Articles about homeland security


US Customs sued for information about border phone searches

US Customs and Homeland Security are being sued to get them to hand over the rules by which people have their electronic devices seized and searched at the border. The lawsuit [PDF], brought in Washington, DC, by the Knight First Amendment Institute at Columbia University, claims that the US government failed to respond to a …
Kieren McCarthy, 28 Mar 2017

Now UK bans carry-on lappies, phones, slabs on flights from six nations amid bomb fears

The UK has banned airline passengers on direct inbound flights from six countries in the Middle East and North Africa from taking a range of electronic devices into the cabin due to fears of a terrorist attack. The decision, which mirrors a ban by the US Homeland Security from today and which was also based on intelligence …
Paul Kunert, 21 Mar 2017

Airplane bomb fears spark America's laptop, tablet carry-on ban

Updated Fears of terrorists smuggling bombs disguised as laptops onto airplanes has triggered a fresh crackdown on carry-on luggage. From today, passengers are banned from flying into the US from specific overseas airports if their carry-on luggage contains any devices larger than a mobile phone. The clampdown – introduced by American …
Cartoon man with hat and tie. Facial features replaced by question mark.

Iranian hackers targeted New York dam, had a quick nosy around

Iranian hackers penetrated the online control system of a New York dam in 2013, according to reports, and poked around inside the system. The Wall Street Journal reported that hackers gained access to the dam through a cellular modem, according to an unclassified Homeland Security summary of the case. Two sources said the …
Kat Hall, 21 Dec 2015

US librarians defy cops, Feds – and switch on their Tor exit node

The first library in the US to host a Tor exit node has voted to turn it back on despite warnings by the cops that it could lead to criminal behavior. A meeting late Tuesday of the board of trustees of the Kilton Public Library in West Lebanon, New Hampshire, saw it stand by its unanimous decision to embrace the anonymizing …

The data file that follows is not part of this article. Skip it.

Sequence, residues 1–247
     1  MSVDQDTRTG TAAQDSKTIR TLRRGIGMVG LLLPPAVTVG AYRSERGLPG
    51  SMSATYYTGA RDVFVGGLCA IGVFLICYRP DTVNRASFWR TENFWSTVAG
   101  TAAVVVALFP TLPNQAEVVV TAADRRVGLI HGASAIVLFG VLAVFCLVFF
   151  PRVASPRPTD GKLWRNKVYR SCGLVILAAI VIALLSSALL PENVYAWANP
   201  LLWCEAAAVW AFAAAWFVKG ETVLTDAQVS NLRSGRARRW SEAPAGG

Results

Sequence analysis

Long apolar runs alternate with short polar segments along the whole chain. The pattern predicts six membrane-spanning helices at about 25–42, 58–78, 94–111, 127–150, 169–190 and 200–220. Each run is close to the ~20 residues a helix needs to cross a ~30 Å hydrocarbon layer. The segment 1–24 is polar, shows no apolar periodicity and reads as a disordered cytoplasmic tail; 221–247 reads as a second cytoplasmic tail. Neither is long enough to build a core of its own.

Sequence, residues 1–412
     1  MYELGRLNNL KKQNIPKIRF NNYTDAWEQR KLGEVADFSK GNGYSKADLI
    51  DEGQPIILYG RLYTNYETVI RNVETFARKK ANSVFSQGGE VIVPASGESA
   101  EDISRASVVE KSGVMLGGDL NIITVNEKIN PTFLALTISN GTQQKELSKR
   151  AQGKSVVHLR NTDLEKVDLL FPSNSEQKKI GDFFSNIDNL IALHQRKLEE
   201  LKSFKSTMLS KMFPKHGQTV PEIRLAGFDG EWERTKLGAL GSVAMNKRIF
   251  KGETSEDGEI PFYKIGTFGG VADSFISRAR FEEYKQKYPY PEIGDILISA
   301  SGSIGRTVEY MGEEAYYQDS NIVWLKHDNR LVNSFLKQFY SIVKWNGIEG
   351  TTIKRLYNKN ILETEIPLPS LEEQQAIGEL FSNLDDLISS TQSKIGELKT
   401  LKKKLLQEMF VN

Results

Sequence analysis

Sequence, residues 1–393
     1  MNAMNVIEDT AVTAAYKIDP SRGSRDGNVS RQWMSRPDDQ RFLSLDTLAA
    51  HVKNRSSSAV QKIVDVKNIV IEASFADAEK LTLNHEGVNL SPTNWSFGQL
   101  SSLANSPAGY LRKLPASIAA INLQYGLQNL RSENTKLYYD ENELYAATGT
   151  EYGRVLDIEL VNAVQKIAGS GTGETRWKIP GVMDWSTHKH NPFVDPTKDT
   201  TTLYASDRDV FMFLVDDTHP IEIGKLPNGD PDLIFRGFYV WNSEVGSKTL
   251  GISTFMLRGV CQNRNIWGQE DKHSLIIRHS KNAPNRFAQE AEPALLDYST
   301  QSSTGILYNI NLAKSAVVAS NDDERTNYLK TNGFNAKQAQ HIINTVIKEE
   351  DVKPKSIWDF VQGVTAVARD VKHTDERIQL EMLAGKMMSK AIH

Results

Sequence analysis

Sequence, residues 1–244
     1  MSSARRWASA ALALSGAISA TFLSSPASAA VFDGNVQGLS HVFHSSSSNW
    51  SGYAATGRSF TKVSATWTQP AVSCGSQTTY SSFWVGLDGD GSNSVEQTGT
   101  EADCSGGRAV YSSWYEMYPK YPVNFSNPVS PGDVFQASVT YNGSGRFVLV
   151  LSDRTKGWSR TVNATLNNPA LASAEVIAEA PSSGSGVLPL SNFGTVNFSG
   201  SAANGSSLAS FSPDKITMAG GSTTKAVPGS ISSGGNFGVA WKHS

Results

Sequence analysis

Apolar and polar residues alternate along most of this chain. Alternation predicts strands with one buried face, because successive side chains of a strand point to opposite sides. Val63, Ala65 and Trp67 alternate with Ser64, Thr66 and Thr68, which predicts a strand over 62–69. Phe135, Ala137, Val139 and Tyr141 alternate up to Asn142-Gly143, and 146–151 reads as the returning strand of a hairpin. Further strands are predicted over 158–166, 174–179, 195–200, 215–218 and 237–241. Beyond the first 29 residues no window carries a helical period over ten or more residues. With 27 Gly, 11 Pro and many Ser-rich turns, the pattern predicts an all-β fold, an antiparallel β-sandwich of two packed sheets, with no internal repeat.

Kieren McCarthy, 16 Sep 2015

Why the US government reckons it should keep phone network kill-switches a secret

Analysis The US government has argued that the rules around how and when it is allowed to shutdown phone networks must remain secret because the disclosure could endanger lives. In a court filing [PDF] this week, lawyers from the Department of Justice argued that public disclosure of Standard Operating Procedure 303 (SOP 303) "would …
Kieren McCarthy, 29 Apr 2015

Silk Road coder turned dealer turned informant gets five years

A programmer turned drug dealer turned government informant has been sentenced to five years in prison after being caught up in the Silk Road shutdown. Steven Sadler, 40, was arrested at his home in Bellevue, Washington on July 31, 2013 by members of the Department of Homeland Security. Police found over a kilogram of cocaine …
Iain Thomson, 20 Mar 2015
Hacked sarcasm

Backoff malware attacks hit 'more than 1,000 big businesses', warns US government

A Point-of-Sale malware attack that struck shipping outfit UPS has compromised the networks of a "significant" number of major businesses in the US, according to the country's Homeland Security office. The US administration's Computer Emergency Readiness Team (CERT) advised administrators and operators of PoS systems to …
Kelly Fiveash, 23 Aug 2014
Artist's impression of the Lythronax argestes

US authorities round up ILLEGAL DINOSAURS for repatriation

A group of unusual Asian immigrants, smuggled into the US by unscrupulous criminals, has been returned to its country of origin following an investigation by federal immigration and security operatives. The AP reports that US Attorney Preet Bharara announced the repatriation of no less than 18 distinguished Mongolians this …